The Tax Debt You Never Knew You Had

Occasionally, taxpayers are unaware that they owe a debt to the IRS - but that's no excuse for not paying it.

Facing a looming tax bill can be a terrifying proposition. Perhaps even more frightening, though, is the thought of carrying a tax debt without ever having a clue…until it's too late. This may seem like an unlikely scenario, but it happens to taxpayers every day.

While it's true that the IRS will send you a notice regarding tax return questions or a proposed liability, there is the chance that they're simply not getting through to you. You might think this is to your benefit, but it's just the opposite. Failing to receive and respond to IRS notices can present serious complications to your financial health.

How It Happens

There are a few reasons to explain the communication breakdown between you and the IRS. If you've recently moved and did not request to have your mail forwarded, the IRS may simply be sending notices to the wrong address. This is particularly problematic if you moved shortly after tax season, as the IRS will likely not receive updated information until you file your next tax return. If you somehow provide the wrong address info year after year and the IRS is never able to reach you by mail, your tax problem can become infinitely more costly.

What About Your Balance?

So, what happens to your balance as the years tick by? First, you're subject to failure-to-pay penalties. This is compounded by failure-to-file penalties you may incur from any missing returns. Additionally, you're liable for interest charges on any unpaid balance for the life of the debt. Since the penalties and interest charges are calculated and assessed monthly, your original balance can become grossly inflated. To put it into perspective, your tax debt can double in only four short years, as a result of the additional fees assessed against you.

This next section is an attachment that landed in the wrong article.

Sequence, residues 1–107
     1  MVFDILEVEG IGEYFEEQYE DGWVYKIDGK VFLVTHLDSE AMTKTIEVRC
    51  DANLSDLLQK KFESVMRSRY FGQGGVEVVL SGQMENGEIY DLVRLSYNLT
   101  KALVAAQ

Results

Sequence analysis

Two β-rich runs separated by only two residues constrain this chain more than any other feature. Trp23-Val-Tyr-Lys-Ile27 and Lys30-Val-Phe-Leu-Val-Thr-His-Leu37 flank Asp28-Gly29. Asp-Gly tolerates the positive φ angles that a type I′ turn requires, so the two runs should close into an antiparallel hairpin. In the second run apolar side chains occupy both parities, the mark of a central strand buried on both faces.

The IRS Will Find You

You might be able to (inadvertently or otherwise) dodge IRS notices for a while, but eventually your luck will run out. Ultimately, income provided by third parties such as your employer or bank can lead the IRS to your wages or bank accounts – or both. Worst case scenario, they can garnish your paychecks or levy your bank account, taking as much as you have available up to the total you owe. So, your $4000 checking account can drop to zero overnight. And while you might have a leg to stand on in contesting such action, retrieving levied funds is notoriously difficult.

Proactive Vs. Reactive

Rather than waiting to get the shocking news that you've been cleaned out by the IRS, it's smart to find out where you stand. If you want to reach the IRS directly, you can dial 1-800-829-1040 and inquire about any potential liability. On the other hand, if you're already aware of a tax debt or you're currently dealing with collection action, you may want to consult with a licensed tax professional. No matter your circumstances, though, not knowing about a tax debt won't prevent you from eventually paying for it.

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